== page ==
Through Save Our Sisters United, Narcisse serves her community now in the hope that others in the future won’t have to do what she has done.
Action is crucial when you live in a state “where your dog has more rights than you,” says Atlantis Narcisse, founder and CEO of Save Our Sisters United (S.O.S.U), a 501cw nonprofit dedicated to serving Trans POC and ethnic minority women “through self and community empowerment, while better-educating society on anti-norms, stigma, gender biases, and trauma,” according to its website. Though Texas’s laws prohibit “failure to provide food, care, or shelter” to animals, trans communities endure ongoing policies that violate fundamental human rights.
In February of this year, Gov. Greg Abbot directed the state child welfare agency to investigate parents who provide gender-affirming care to their children. His actions police and endanger trans bodies by worsening barriers to healthcare and other social services and fostering a toxic environment that dehumanizes trans people. As the founder of S.O.S.U., Narcisse deconstructs these barriers and fears by embodying the phrase we before me. She creates networks of support that address the challenges that Trans POC and ethnic minority women most often face. According to Narcisse, “if I don’t have answers, I’ll work with you to find those answers.”
Save Our Sisters United
Narcisse creates safe spaces by and for Black trans women, a rarity among non-profits and organizations that serve those impacted by gender and race-based oppression. S.O.S.U. is led by Black trans advocates that destigmatize care to connect people with opportunities for self-empowerment. The organization’s website states that their focus is on uplifting people—as they put it, “Unity in Community.”
“Most of the time, advocates are fighting for the same services. Come in unity equals community,” says Narcisse. To her, “coming in unity” and “community” are inseparable. She builds bridges across coalitions with this commitment to individual and collective wellbeing.
S.O.S.U. serves those at intersecting identities, including Black trans women, Black cis women, trans women of color, and trans men of color. Intersectionality, as introduced by Kimberlé Williams Crenshaw, is “a lens, a prism, for seeing the way in which various forms of inequality often operate together and exacerbate each other.” Narcisse’s focus on unity in the community is another example of how she employs her expertise to navigate the intersections of systemic injustice.
Unity in Community: Building Access To Empowerment
Narcisse began this journey decades ago as a housemother who held space for people who needed a comfortable, judgment-free environment for medical aid, including clinics that test for sexually transmitted infections. Today, she and her organization leverage holistic solutions that address individual and collective needs. To combat gender biases and to destigmatize trans wellness, S.O.S.U. hosts educational panels and professional workshops that expand the conversation on civil rights and community care. By connecting people with gender-affirming healthcare providers, social connections, and individual mentorship, Narcisse helps to meet the needs of trans individuals experiencing housing insecurity, HIV/AIDS, and mental health issues. This has included past pop-up shops where people experiencing housing insecurity could pick their clothes and feel empowered. Last February, S.O.S.U. provided funding for those affected by COVID and Winter Storm Uri.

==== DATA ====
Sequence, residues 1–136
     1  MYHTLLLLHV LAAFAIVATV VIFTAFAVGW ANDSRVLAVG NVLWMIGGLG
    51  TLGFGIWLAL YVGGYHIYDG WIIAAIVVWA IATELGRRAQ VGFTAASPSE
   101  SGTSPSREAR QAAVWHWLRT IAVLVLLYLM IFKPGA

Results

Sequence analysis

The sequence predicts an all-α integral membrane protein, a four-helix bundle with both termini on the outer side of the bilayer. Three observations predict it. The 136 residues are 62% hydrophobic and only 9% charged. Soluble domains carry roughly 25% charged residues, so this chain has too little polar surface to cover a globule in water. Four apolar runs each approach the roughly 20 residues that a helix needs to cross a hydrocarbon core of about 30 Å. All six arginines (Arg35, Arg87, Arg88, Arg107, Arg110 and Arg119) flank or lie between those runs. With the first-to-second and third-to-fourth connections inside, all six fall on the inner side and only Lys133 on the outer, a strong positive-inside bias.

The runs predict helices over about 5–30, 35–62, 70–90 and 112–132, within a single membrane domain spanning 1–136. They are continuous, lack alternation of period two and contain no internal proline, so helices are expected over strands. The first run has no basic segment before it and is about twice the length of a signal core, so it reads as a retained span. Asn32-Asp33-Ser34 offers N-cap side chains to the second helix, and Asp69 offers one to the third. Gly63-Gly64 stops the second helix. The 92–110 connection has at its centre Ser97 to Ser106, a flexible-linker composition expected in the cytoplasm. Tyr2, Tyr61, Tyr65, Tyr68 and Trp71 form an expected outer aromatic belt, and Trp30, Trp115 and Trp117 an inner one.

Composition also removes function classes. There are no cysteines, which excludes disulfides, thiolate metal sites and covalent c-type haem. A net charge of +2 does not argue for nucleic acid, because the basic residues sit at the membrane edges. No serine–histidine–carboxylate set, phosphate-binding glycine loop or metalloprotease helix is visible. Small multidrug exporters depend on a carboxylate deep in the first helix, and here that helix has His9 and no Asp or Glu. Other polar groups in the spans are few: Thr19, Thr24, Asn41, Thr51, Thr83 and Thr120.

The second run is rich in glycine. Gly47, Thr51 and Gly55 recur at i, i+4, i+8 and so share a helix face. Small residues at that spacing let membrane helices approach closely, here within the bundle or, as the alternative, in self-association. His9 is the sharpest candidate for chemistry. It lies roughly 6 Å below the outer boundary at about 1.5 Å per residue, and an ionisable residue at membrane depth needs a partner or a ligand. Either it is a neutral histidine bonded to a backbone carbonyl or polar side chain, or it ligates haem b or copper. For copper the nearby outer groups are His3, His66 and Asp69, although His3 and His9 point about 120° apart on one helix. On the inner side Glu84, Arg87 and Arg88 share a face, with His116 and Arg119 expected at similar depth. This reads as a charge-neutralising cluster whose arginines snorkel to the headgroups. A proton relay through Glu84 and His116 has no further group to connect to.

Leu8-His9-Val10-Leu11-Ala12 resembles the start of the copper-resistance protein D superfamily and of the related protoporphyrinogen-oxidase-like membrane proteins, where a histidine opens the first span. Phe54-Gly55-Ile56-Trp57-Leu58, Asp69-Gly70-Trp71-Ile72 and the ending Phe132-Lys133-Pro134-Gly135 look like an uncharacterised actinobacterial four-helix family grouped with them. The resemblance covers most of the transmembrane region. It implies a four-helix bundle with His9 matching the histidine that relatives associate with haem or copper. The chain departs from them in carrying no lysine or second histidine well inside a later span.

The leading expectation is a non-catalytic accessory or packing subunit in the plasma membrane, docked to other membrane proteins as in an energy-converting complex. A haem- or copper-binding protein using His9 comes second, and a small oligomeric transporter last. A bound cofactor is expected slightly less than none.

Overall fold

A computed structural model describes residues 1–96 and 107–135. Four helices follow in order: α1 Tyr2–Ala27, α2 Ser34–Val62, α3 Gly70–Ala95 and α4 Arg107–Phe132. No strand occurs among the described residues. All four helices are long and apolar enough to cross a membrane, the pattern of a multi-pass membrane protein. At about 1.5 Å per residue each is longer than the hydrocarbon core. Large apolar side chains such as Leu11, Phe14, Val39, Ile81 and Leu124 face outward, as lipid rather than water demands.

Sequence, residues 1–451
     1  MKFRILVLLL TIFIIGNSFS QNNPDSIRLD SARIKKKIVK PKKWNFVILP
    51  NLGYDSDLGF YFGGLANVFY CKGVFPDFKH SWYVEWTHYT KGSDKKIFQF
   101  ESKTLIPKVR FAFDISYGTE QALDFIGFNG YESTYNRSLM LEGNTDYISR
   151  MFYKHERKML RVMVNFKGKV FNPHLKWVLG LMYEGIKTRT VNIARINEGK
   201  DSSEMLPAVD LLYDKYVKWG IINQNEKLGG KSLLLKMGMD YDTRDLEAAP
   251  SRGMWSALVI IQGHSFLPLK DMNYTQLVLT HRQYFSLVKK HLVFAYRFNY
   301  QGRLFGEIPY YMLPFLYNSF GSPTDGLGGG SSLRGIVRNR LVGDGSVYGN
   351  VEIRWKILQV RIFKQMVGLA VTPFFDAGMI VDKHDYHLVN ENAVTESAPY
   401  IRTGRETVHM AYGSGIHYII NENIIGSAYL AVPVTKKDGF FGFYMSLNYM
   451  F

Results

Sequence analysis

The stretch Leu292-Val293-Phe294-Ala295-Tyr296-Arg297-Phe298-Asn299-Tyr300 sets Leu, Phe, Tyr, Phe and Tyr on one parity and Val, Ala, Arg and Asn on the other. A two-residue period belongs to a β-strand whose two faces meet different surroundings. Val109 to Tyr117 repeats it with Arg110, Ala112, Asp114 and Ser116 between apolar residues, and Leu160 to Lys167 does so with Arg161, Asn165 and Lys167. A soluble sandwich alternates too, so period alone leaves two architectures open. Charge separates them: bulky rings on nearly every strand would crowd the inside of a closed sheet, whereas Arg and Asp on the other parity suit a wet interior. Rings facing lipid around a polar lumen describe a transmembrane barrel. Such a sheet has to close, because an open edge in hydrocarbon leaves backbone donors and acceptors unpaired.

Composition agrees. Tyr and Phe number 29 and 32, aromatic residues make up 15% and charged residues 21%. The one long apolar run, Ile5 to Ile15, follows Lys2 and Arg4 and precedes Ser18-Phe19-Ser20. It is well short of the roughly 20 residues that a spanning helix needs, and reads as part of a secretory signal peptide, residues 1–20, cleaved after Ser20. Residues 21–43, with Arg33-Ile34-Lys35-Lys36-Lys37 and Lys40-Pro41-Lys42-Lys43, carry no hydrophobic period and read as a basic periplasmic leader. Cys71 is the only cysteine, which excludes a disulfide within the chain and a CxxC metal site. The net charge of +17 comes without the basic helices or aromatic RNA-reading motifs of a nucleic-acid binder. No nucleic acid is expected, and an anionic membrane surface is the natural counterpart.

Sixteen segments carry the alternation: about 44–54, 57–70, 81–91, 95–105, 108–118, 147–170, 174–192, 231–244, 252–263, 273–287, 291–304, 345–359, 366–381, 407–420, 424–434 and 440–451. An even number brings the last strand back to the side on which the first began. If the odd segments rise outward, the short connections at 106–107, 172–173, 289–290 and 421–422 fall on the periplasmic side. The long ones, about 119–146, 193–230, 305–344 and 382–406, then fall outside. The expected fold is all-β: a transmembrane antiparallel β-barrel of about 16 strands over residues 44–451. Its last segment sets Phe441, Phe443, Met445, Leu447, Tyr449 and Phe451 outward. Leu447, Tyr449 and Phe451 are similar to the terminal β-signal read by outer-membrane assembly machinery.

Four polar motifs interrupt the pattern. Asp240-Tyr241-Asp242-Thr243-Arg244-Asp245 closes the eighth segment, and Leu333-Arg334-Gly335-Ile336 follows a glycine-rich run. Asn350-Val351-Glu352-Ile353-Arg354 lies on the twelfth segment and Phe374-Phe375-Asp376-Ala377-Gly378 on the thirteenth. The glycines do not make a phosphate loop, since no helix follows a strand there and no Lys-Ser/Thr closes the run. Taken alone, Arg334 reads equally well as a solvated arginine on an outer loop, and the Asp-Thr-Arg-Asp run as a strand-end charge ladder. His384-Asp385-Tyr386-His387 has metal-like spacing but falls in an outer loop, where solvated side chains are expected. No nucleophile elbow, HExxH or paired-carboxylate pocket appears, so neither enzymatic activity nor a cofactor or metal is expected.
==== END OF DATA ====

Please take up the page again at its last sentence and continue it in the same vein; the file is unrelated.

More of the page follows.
Beyond emergency relief, Narcisse meets people where they are and solves the problems that prevent people from seeking and accessing community care. S.O.S.U. connects people with professional training, copayment support, and various resources that address their specific needs. She also provides individuals with financial assistance for food, rent, and bills during economic hardship. Knowing how difficult it can be for Black and brown trans people to navigate institutional bureaucracy, Narcisse is determined to ease that struggle for current and future generations.
Narcisse finds purpose in her work by serving her community now in the hope that others in the future won’t have to do what she has done; her goal is to build a world in which Black trans women can be at peace without the burden of leading collective liberation. It is imperative for society to elevate the organizations led by Black trans women, trans people of color, and others from communities most impacted by systems of oppression. This is something Narcisse has worked on through coalition building—she once led a retreat that invited both cis and trans women to attend—and in realizing they shared experiences, were able to see that this united them more than their differences separated them. A key acknowledgement from that retreat? The patriarchy pits women against each other to reinforce gender-based oppression. But transparency, compassion, and action drive radical change. In Narcisse’s words, community mobilization is “your family taking care of other families.” Above all else, Narcisse offers the advice that others “be present and consistent” in community care and coalition building.
Trans POC communities should not bear the societal burdens of navigating systemic injustice alone. Society needs to invest in the flourishing of Black trans women. As a person planted at these various intersections, Narcisse leads with solutions that share her strengths. Unifiers, according to Narcisse, are the “roots of a tree, a tree with so many branches that you can’t see where its reach ends.” To achieve total liberation, we must work towards a future led by changemakers who are rooted in good like Narcisse.
Written by Josse Gee for Youth To The People